Armoniosa celebrated its dazzling debut with a complete recording of Vivaldi’s La Stravaganza. On their latest production the young Italians focus on a core ensemble effort. The title may read “Trio Sonata,” but a spectacular surprise soon unfolds: contrary to all convention, Giovanni Benedetto Platti scored the part of the second solo instrument in his sonatas for the cello instead of a second violin – thereby providing for an extraordinary and fresh listening experience.
The very beginning of the Sonata in G minor takes us into a fascinating world, first with dark tones of the two cellos and the organ and then with immediate brightening from the violin and harpsichord, which join in after a few measures. Armoniosa as a rule attaches great importance to the instrumentation: the continuo instruments change many times: sometimes all of them play together, and other times only the harpsichord accompanies the cello – or only the organ. The Sonata in C minor completely dispenses with a chordal instrument – which endows this piece with its very uncommon appeal.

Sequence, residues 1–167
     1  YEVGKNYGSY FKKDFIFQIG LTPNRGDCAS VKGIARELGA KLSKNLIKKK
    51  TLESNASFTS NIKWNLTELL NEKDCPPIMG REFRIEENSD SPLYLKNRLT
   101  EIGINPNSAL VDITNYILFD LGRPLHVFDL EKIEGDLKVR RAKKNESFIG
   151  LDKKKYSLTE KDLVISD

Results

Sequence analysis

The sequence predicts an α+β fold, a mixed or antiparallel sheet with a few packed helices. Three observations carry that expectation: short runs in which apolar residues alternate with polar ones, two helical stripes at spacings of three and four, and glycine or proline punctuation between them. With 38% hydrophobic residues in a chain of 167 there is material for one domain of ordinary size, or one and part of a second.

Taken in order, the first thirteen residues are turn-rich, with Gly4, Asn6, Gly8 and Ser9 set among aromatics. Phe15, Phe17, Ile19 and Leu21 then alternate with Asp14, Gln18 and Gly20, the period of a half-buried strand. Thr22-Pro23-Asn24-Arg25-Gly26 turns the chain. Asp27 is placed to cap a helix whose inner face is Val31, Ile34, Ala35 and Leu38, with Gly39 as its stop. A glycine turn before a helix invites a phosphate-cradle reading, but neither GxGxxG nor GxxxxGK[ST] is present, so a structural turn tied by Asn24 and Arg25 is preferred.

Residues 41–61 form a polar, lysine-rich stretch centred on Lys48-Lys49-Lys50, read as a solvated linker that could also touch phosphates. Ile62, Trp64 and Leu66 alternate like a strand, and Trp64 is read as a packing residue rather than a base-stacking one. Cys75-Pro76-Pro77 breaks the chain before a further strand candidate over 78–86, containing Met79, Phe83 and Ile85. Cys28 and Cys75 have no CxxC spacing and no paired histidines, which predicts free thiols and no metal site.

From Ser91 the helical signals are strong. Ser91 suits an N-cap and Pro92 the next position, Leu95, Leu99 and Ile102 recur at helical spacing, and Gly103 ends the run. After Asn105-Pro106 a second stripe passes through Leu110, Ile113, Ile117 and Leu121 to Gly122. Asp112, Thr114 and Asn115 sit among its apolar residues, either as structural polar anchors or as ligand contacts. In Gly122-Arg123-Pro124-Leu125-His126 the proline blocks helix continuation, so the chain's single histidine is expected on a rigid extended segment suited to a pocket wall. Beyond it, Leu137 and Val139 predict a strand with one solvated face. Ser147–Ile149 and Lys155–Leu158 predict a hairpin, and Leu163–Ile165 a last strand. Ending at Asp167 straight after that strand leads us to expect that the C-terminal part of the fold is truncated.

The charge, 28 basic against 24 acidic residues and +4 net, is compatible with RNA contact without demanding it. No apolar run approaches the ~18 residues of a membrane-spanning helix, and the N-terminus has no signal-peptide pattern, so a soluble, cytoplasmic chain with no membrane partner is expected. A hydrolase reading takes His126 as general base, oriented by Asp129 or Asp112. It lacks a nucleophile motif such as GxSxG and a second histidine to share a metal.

The harpsichordist Michele Barchi built the two keyboard instruments especially to meet Armoniosa’s needs. One genuine plus: the organ is supplied with the requisite air merely by a reservoir operated by a pedal, which means that the distracting drone of the motor casting its musical fog over most other recordings of Baroque music is eliminated. In the pure clarity now realizable, the organ sound also displays a new vibrancy proper solely to instruments supplied with wind by mechanical means.
The high-resolution recording on this SACD enables the listener to grasp all the tonal details; the music seems to be within hand’s reach, especially in the recommended three-dimensional reproduction of the 2+2+2 recording. The man who commissioned these works, Count Schönborn-Wiesentheid, the brother of two Würzburg archbishops, was a cellist in his own right and surely would have enjoyed this disc.